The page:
London Metal Exchange's twilight zone absorbs stocks build: Andy Home

Surplus metal is being stored in the off-exchange statistical shadows

Traders work on the floor of the London Metal Exchange, in London, Britain September 27, 2018.

Traders work on the floor of the London Metal Exchange, in London, Britain September 27, 2018.

REUTERS/Simon Dawson

LONDON- London Metal Exchange (LME) stocks of aluminium fell by 132,500 tonnes over the course of 2020.

This is a surprising outcome, given the size of the COVID-19 hit to global manufacturing activity. The last time metals demand suffered a similar collapse was during the Global Financial Crisis of 2009, when LME aluminium stocks almost doubled to 4.6 million tonnes.

That, however, was a credit crisis. The COVID-19 crisis isn't. There has been no pressing need for the physical supply chain to deliver unsold metal to the market of last resort.

Rather, surplus metal is being stored in the off-exchange statistical shadows. Happily, we now get to see some of it thanks to the LME's "off-warrant" stocks reporting initiative.

The amount of aluminium sitting in this LME twilight zone grew by 829,000 tonnes between February and November, by which stage shadow inventory of 1.66 million tonnes exceeded visible exchange stocks of 1.37 million.

Total LME aluminium stocks, registered and shadow, surged by 1.12 million tonnes over the same period, which seems a more accurate inventory reflection of last year's turmoil.

The inventory picture is still far from complete. There is undoubtedly much more metal sitting in the deeper storage shadows but tracking these LME twilight stocks offers some important clues to current market dynamics.


It's important to understand what the LME's "off-warrant" monthly report, released with a one-month time-lag, can and can't throw light on.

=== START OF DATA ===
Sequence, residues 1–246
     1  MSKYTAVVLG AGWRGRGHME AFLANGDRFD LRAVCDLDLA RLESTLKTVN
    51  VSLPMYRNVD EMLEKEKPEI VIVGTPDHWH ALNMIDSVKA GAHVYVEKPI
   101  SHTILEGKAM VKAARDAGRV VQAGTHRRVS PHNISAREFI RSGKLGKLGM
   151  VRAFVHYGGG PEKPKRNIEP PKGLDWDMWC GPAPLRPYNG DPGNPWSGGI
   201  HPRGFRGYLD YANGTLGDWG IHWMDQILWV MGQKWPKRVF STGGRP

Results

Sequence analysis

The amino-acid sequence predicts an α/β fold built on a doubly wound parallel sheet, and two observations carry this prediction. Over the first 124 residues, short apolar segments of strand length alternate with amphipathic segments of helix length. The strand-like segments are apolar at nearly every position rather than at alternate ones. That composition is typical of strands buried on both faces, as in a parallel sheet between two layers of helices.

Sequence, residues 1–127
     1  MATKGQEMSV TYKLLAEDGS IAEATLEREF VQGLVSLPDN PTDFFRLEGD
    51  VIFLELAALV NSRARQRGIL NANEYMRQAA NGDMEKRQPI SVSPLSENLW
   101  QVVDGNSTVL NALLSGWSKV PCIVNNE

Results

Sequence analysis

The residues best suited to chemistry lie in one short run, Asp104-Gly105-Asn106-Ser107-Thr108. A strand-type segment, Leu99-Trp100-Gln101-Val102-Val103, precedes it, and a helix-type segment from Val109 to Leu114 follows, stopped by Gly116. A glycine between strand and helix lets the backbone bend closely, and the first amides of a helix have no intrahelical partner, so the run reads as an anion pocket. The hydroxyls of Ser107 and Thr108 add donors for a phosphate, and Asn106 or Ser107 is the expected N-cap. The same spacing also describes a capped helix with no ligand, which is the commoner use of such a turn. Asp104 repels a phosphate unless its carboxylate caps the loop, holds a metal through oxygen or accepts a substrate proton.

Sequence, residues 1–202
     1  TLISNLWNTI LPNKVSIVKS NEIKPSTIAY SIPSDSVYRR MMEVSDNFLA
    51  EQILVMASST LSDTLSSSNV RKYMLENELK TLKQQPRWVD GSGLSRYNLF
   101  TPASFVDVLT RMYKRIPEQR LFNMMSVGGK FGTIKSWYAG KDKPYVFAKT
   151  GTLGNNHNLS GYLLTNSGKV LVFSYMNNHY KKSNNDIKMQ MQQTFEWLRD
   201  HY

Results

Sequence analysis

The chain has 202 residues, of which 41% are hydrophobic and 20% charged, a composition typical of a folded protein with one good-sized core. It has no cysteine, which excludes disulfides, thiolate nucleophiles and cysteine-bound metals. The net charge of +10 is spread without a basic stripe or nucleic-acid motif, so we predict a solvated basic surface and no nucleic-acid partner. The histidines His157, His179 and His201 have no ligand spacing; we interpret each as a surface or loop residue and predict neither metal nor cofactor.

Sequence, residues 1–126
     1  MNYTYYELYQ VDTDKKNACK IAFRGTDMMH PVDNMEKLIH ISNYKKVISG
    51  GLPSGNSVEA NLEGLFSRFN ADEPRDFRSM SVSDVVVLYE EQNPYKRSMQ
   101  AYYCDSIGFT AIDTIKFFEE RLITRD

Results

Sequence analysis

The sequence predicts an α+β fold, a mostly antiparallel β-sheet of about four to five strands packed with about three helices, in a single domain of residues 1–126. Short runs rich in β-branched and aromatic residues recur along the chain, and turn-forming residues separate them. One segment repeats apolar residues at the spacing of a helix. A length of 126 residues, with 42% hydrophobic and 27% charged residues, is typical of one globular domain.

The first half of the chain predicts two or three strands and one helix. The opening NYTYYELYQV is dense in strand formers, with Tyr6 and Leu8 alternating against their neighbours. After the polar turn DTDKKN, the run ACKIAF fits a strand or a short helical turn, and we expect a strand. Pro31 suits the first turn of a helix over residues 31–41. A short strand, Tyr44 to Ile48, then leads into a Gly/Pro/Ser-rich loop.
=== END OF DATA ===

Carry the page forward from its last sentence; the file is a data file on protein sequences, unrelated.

The report captures metal that is being stored under an agreement requiring the use of LME-registered warehouses, or an agreement explicitly providing for potential future LME warranting.

The exchange originally included a voluntary reporting category but, not surprisingly given the commercial sensitivities of the physical supply chain, has received "very little data".

It has reserved the right to try to encourage more voluntary reporting through a possible warranting fee adjustment.

So the report can't capture metal that is being privately stored with no intention of, or contractual reference to, LME delivery.

But it does open up the twilight LME warehousing zone that has emerged over the last decade in response to high on-exchange storage fees.

Such LME shadow storage is a neat cost-benefit compromise - cheaper than on-warrant storage but without the higher financing costs of totally off-market storage.

Financing banks like knowing stocks can be immediately fungible if necessary, and shadow stocks can often be "delivered" onto LME warrant at the stroke of a keyboard.

Which is why the LME's daily stocks report can be so "noisy" as large tonnages circulate between on-warrant and off-warrant inventories in search of cheaper warehousing deals.